The most dangerous phrase in any language is, “We’ve always done it that way.” I am reminded of this as I read Disrupting Thinking by Kylene Beers and Bob Probst. Two critical questions are posed: “What changes do we need to make in our nation’s schools? What assumptions make those changes hard?” Assumptions are so many tightly held by teachers. Change begins with acknowledgement of those beliefs and analysis of their relevance. Schools need to encourage more authentic learning opportunities, teachers need to be trained on how to incorporate them and get the data required. Using Open Education Resources (OERs) is one way to build authenticity. OERs provide teachers will a multitude of timely, engaging, vetted materials. Another is social media. These avenues provide an abundance of resources, a collaborative learning environment for educators, at no or low cost to districts. It’s a win, win. Classroom teachers must be present at the table to build a fluid infrastructure to help make this the norm instead of the exception.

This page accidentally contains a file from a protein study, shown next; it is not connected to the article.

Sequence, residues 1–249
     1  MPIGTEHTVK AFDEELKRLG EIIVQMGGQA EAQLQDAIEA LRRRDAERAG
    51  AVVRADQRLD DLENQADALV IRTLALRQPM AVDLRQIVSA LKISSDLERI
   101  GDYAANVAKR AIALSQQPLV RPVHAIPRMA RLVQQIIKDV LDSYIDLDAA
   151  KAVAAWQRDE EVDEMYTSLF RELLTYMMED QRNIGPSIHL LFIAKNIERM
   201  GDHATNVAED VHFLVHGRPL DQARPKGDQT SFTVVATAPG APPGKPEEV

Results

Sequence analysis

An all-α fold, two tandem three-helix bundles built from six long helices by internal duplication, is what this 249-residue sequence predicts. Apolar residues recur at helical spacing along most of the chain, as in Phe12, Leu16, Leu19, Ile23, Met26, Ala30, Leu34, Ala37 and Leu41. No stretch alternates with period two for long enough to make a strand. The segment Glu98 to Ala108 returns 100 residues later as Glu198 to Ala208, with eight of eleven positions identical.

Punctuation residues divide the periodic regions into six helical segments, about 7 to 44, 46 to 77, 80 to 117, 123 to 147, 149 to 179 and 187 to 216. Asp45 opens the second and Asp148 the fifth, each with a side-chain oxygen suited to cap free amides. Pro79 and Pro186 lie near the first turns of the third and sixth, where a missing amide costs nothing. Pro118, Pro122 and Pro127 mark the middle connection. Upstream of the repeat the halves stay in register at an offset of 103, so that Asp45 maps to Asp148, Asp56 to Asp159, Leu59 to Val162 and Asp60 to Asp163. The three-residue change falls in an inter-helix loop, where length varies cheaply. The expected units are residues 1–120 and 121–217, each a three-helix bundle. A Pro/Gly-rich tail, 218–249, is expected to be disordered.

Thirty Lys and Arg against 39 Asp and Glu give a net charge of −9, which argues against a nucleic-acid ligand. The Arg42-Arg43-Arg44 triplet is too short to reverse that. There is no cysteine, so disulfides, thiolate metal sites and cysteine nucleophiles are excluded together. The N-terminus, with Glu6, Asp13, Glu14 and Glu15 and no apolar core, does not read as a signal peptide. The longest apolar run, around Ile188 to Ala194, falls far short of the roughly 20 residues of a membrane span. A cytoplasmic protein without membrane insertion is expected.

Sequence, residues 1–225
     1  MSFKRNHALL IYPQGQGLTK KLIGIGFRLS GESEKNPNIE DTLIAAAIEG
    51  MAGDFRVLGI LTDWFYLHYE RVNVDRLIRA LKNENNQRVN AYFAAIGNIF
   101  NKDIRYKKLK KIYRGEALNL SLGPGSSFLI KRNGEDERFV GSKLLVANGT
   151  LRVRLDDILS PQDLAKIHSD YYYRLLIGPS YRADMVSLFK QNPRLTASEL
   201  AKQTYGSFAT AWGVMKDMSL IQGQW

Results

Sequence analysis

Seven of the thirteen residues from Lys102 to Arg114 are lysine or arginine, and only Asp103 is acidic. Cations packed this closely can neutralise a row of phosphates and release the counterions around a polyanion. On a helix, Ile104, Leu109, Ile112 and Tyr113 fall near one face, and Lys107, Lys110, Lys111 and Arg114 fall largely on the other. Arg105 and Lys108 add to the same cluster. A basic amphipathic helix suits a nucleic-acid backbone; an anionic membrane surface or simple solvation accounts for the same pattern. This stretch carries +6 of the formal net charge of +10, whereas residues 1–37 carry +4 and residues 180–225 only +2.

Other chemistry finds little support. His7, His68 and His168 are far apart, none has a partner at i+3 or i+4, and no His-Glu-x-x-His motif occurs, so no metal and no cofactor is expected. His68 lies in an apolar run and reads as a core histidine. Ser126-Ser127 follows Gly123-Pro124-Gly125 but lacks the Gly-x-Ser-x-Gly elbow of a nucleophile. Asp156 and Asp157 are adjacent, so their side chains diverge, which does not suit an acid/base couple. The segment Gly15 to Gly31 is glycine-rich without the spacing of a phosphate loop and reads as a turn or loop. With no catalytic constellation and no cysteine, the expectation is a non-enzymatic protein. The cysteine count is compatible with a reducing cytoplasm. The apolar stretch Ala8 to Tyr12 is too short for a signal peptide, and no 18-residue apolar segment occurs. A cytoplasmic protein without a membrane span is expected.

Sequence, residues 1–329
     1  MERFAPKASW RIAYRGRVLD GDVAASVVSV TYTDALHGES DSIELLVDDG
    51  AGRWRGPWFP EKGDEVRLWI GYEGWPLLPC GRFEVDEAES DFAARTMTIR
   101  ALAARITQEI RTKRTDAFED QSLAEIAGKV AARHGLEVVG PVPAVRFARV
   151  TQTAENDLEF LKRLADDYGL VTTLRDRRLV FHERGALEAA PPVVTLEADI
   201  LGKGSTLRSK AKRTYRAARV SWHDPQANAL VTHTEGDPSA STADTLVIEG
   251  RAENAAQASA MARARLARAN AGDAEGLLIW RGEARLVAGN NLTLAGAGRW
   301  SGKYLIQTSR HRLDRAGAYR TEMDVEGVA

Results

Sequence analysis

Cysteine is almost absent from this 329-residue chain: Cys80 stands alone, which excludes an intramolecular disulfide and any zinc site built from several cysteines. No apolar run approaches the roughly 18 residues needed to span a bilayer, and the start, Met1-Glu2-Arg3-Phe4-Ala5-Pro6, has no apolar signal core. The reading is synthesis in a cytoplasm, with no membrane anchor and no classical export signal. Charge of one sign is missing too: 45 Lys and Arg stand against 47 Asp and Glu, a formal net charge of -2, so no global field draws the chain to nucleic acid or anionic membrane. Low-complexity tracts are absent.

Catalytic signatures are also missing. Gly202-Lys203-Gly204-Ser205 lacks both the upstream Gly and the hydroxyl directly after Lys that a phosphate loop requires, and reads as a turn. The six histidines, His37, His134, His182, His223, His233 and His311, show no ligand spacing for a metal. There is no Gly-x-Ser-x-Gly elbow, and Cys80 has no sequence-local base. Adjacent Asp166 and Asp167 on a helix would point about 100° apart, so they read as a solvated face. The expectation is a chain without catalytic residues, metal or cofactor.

As the push for more data and higher test scores continues, educational leaders have a responsibility to our current and future students to keep them curious, conscious, creative thinkers who will change the world.